South African Varsity to Partner FUNAABThe Walter Sisulu University (WSU), Eastern Cape, South Africa, is ready to collaborate with the University in the areas of agricultural business, medicinal plants, waste products and food security. The Vice-Chancellor and Principal of WSU, Professor Rob Midgley, who was in FUNAAB, in the company of Professor Adebola Oyedeji and Dr. Vincent Nakin, sought to know how to turn farming in the rural area into an economy, how to turn a subsistent farmer into a small scale farmer, as well as how a small scale group of farmers can be turned into a commercial entity. He added, “How do I generate business around agriculture? WSU provides a gateway from poverty to some kind of economic improvement for families”.

Describing agricultural engineering as the study of the provision of tools for food security, the scholar said that the section could provide benefits within same community, other than being taking into another community and benefitting from that community. Professor Midgley stated further that WSU team was in FUNAAB, partly to see what kind of opportunities there are to tap from, as well as assess the way which things, as regarding agriculture, were done. His words: “How can we ‘steal’ some of your ideas and implement them there?. How we can get projects that we collaborate and may be able to do a research work together?”. He stressed that both universities share some similarities, noting that they are not different from each other as the problems were alike, as well as the opportunities. He further stated that both institutions could work on the same project and look for funding opportunities together.

South African Varsity to Partner FUNAABProfessor Midgley restated the transformation processes of the university, saying that three higher institutions of learning were merged in 2006 to produce WSU. Professor Midgley, who said WSU was a comprehensive university, noted that it has four different campuses in four different cities and has produced four leaders in the Republic of South Africa. He explained the rationale behind the merger, as being economical, so as to guard against having many Vice-Chancellors and Registrars. He, however, noted that the merger was not easy, as various institutions with different cultures were put together.

Responding, the Acting Vice-Chancellor, Professor Ololade Enikuomehin, said that the parley had set a template for both teams to work with, as the Deans and Directors were enjoined to articulate all the views mentioned and come up with a brief that would be examined by the University Management. Professor Enikuomehin, while making a slide presenting about FUNAAB, reeled out the mission and vision statements of the University. He noted that the University was advancing towards a world-class status, a feat that could not be achieved in a day. He highlighted the world-class agenda of the University to be: visionary leadership; commitment to quality, sustainable funding and fund management, research – relevance and quality. Others are: teaching sckills and competences for meaningful learning, community engagement as well as collaboration, partnership and internationalisation. He expressed satisfaction over the imported Kalahari goats from South Africa, saying that they were a pride to the University, which now possessed improved species named Kalahari Red Goats.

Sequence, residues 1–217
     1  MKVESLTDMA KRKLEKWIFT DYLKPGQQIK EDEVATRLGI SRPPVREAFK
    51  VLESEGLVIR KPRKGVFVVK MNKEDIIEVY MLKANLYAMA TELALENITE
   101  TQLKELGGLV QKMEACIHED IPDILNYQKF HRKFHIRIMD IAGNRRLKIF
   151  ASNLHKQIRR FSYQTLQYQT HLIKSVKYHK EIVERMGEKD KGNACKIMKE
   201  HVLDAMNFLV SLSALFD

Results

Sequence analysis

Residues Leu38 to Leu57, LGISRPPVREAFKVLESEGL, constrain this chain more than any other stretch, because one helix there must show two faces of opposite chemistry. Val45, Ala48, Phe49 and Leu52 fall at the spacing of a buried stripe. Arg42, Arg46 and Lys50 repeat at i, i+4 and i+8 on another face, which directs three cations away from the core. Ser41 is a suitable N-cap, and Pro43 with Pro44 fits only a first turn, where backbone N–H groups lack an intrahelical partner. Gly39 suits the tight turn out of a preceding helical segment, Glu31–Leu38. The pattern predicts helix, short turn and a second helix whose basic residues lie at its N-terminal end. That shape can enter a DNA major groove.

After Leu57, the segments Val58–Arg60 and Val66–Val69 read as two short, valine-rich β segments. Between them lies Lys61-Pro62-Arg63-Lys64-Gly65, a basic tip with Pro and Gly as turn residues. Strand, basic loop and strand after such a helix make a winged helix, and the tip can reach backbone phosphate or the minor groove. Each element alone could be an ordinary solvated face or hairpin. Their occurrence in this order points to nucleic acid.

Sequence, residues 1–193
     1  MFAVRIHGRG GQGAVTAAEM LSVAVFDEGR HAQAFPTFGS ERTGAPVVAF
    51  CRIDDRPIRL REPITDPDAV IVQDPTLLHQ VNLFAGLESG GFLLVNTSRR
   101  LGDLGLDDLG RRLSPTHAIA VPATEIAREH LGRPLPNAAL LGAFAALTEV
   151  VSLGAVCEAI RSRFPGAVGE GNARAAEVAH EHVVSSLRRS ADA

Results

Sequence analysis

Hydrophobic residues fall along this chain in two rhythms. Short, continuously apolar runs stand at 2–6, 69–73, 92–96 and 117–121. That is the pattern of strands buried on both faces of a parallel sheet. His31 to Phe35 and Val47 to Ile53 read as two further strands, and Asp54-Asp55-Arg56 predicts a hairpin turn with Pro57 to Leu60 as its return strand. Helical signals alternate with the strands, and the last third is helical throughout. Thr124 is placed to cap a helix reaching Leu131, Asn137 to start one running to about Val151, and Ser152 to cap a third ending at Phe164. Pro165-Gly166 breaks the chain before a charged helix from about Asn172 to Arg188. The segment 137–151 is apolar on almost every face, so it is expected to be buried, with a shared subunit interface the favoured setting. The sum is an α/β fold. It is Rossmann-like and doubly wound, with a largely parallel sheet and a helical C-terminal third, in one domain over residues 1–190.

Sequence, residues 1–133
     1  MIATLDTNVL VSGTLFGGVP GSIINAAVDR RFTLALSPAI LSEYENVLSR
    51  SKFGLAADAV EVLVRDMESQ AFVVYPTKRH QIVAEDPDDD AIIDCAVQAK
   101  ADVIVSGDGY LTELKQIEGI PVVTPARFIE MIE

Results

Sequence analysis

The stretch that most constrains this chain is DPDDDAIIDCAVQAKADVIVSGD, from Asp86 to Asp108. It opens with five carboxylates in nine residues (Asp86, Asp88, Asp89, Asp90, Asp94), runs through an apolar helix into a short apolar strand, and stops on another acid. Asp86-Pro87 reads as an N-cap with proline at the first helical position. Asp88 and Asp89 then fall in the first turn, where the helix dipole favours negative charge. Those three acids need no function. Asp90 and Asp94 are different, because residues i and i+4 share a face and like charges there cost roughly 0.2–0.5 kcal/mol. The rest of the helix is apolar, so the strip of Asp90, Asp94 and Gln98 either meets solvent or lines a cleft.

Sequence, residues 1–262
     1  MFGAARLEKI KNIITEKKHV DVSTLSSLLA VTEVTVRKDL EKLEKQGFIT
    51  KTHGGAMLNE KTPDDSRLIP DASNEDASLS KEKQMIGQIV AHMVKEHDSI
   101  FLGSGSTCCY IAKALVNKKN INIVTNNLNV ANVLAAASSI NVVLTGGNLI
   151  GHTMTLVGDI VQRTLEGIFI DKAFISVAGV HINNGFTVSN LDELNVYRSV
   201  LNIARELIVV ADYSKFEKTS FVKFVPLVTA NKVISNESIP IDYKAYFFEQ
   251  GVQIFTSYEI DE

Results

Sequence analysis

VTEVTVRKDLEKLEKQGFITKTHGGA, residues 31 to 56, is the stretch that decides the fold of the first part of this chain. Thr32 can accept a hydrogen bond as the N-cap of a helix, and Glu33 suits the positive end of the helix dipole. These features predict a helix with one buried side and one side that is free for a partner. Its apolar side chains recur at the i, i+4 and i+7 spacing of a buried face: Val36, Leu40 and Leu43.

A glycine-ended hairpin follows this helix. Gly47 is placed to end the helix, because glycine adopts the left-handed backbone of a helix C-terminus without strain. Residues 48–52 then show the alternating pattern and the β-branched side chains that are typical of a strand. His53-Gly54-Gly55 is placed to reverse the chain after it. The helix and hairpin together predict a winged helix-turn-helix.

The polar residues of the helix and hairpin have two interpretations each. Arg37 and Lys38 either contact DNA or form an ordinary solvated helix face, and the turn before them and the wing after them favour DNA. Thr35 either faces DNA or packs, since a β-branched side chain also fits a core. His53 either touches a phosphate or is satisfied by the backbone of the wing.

The Acting Vice-Chancellor showcased some economically-viable products the University was producing, through the Industrial Park Unit that produces Cassava products, such as ‘garri’, ‘fufu’, cashew nuts, FUNAAB bread, honey, palm oil, palm wine, fish and fish products, cocoa plantation as well as animal products which were poultry and beef, among others. He, however, noted some challenges being encountered in the production processes such as lack of energy and water supply, funding, personnel and equipment, adding that this had posed major obstacle to the entrepreneurial drive in the University. Professor Enikuomehin, who noted that FUNAAB was ready to collaborate with WSU, stated that in relation to building the image of the University to a world-class status, through entrepreneurship and industrial linkages, the University was expected to collaborate with other universities in project work, create a linkage with industries and have the opportunity to enhance the lives of the people.

Highpoint of the parley was the presentation of University’s memorabilia to the guests. Present at the meeting were the Acting Registrar, Dr. Linda Onwuka; Acting Bursar, Mrs. Oluremi Oyewunmi; Librarian, Dr. Mulikat Salaam; Dean, College of Agricultural Management and Rural Development (COLAMRUD), Professor Bolanle Akeredolu-Ale; Dean, College of Plant Science and Crop Production (COLPLANT), Professor Mufutau Atayese; Dean, College of Animal Science and Livestock Production (COLANIM), Professor Oluseyi Oluwatosin; Dean, College of Engineering (COLENG), Professor Johnson Adewumi; Dean, College of Biological Sciences (COLBIOS), Professor David Agboola; Dean, Student Affairs, Professor Adeniyi Olayanju; Acting Dean, College of Veterinary Medicine (COLVET), Dr. Michael Takeet and the Director, Centre for Internationalisation and Partnerships (CENIP), Dr. Sheriff Adewuyi. Others were the Deputy Dean, College of Physical Sciences (COLPHYS), Professor Akinola Akinlabi; Deputy Dean, College of Food Science and Human Ecology (COLFHEC), Dr. Adegoke Bakare and a former Deputy Vice-Chancellor, Academic, Professor Toyin Arowolo.

Meanwhile, FUNAAB is one of the three Nigerian universities visited by the WSU team, others being the University of Ibadan (UI), and the University of Lagos (UNILAG), to establish institutional collaborations.